Major Improvement in Auto Focus

When observations take a long time, the temperature of the laboratory will also vary. Being made of metal, the microscope will necessarily expand or contract depending on the ambient temperature. Because this will cause the specimen to shift, a tracking mechanism able to maintain the correct focus over time has been a feature since the IX2 Series.


Smart Controller Provides Single-Touch Automatic Setup

However, even if the operating time for each process can be shortened, it is no use if the actual operation is cumbersome. Accordingly, a special-purpose controller was developed that provides easy operation using a touch panel. For example, as soon as you touch the screen to select an observation method, the microscope reconfigures itself internally with the correct lenses and other optical components. Eliminating human intervention also eliminates worries about human error.

Unexpected Hitch with Deck System

Moving on to the question of expandability, switching between functions on the previous IX2 was done by inserting and removing units. This design allowed the user to insert the unit required to make the observations needed for their particular research. While this was recognized as a revolutionary new system, it was also clear there was strong demand to make the units easier to insert and remove.

To overcome this challenge, developers decided to adopt a deck system. The microscope design leaves a large empty space under the stage where two deck units can be inserted. This gives the user the flexibility to insert two different types of camera, or different light sources to suit particular observation methods. Insertion and removal is accomplished easily using a supplied tool. A number of units are already available and it is possible to use units that have been customized for specific users.


Easily Fitted Deck Unit

However, allowing two different decks to be inserted creates a difficult problem. The microscope becomes more susceptible to vibration due to the increased height of the microscope body. Also, the increased number of metal parts makes the microscope more prone to thermal expansion, raising the likelihood of the specimen being shifted out of alignment by variations in laboratory temperature. In response, instead of leaving the area below the stage open as in other microscopes, the developers decided to enclose it by using a square frame design. This ensures sufficient rigidity.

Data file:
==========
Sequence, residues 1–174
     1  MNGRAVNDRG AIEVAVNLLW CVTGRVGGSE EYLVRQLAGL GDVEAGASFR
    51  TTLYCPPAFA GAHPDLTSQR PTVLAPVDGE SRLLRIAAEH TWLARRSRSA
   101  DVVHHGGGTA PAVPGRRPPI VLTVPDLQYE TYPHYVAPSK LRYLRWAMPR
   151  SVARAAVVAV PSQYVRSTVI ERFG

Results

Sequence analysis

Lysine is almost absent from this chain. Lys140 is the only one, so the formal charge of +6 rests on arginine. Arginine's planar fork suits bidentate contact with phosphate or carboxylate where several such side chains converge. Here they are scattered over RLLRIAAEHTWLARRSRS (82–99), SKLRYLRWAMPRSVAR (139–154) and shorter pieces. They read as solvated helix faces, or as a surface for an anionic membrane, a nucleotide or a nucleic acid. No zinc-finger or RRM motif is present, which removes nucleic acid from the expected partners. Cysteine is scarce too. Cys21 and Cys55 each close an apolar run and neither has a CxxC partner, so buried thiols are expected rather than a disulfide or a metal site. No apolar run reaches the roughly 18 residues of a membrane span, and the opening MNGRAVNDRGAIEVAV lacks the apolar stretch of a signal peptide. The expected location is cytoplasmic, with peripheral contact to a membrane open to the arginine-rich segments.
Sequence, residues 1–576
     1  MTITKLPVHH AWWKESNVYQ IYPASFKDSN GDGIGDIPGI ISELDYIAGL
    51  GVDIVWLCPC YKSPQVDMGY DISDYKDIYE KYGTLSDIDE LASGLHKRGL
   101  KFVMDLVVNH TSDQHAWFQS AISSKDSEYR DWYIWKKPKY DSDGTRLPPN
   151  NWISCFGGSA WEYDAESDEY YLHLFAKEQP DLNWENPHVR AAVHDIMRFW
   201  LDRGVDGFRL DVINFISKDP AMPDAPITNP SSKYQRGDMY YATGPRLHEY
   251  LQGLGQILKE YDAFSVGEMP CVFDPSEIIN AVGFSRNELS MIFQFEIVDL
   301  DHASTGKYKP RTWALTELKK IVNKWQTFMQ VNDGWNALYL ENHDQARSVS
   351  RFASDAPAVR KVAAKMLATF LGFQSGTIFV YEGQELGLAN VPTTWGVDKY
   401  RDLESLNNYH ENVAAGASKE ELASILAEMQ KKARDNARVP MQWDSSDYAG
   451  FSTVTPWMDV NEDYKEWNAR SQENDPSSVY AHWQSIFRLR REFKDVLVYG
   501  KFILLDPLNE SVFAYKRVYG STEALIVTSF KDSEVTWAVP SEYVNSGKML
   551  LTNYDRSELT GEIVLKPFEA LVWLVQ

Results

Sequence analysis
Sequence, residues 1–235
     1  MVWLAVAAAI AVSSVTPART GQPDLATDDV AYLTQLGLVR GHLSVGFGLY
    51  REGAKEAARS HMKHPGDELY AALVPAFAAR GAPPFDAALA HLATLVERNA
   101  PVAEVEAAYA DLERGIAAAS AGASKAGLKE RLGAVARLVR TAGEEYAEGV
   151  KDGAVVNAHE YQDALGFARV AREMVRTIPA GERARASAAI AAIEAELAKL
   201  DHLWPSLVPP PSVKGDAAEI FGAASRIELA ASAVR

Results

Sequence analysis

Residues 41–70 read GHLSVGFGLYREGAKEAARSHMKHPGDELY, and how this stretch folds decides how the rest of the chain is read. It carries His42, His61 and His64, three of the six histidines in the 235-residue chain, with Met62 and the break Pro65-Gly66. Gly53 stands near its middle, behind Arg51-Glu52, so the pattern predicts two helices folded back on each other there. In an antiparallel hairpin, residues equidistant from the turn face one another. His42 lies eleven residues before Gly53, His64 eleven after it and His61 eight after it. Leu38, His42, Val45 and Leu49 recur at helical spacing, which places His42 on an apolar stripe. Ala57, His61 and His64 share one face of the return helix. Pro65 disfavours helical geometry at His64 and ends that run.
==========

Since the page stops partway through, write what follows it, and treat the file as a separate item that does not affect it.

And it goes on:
Challenge for an Optical Equipment Manufacturer

We overcame obstacles to automation and expandability in this way. However, developers still faced one more challenge, which was the design of a new optics system, meaning the combination of lenses, mirrors and other components that collect and transmit the light to form an image.


IX83 Optics

The objective lens in a microscope provides a view of the specimen (field of view) with a size that depends on the magnification. When using a camera, the size of this field of view is also ultimately determined by the camera's image sensor (chip). This means the features of interest will be too large to fit in the field of view for some specimens.

Advances in camera technology are changing this situation. This is because cameras with large chip sizes are becoming available at reasonable prices. This enables expansion of the field of view for a given magnification by upgrading the optics design.

The development of the new IX3 allowed for the use of cameras with the latest large chip sizes.
However, this turned out to be an unexpectedly difficult challenge. While use of a wider field of view can be accommodated by designing larger optics, doing so allows unwanted light to get in and obscure those features the user is trying to observe. Unlike viewing with the naked eye, small variations in the light level can have severe consequences for the image as cameras have high sensitivity.

As a result, a challenge for the developers was blocking stray light and ensuring only the desired light was captured. While optics performance can increasingly be ascertained from computer simulation, ultimately the only way to assess the level of image clarity is to take actual photographs. This led to day after day in which huge numbers of images were repeatedly taken and compared until we finally reached a stage where we could be satisfied with the level of performance and the size of the field of view.

Growing Together with Cutting-Edge Researchers

The task of researchers engaged in cutting-edge research is to put their imaginations freely to work on coming up with new discoveries. Our hope for the new microscope is that the greater expandability enabled by the deck system will give rise to more of these new discoveries.

Our work does not end when the product is delivered. We are already working on preparing a number of new units for sale and our ideal is to bring about our own growth by supplying units that make the imagined worlds of our customers a reality.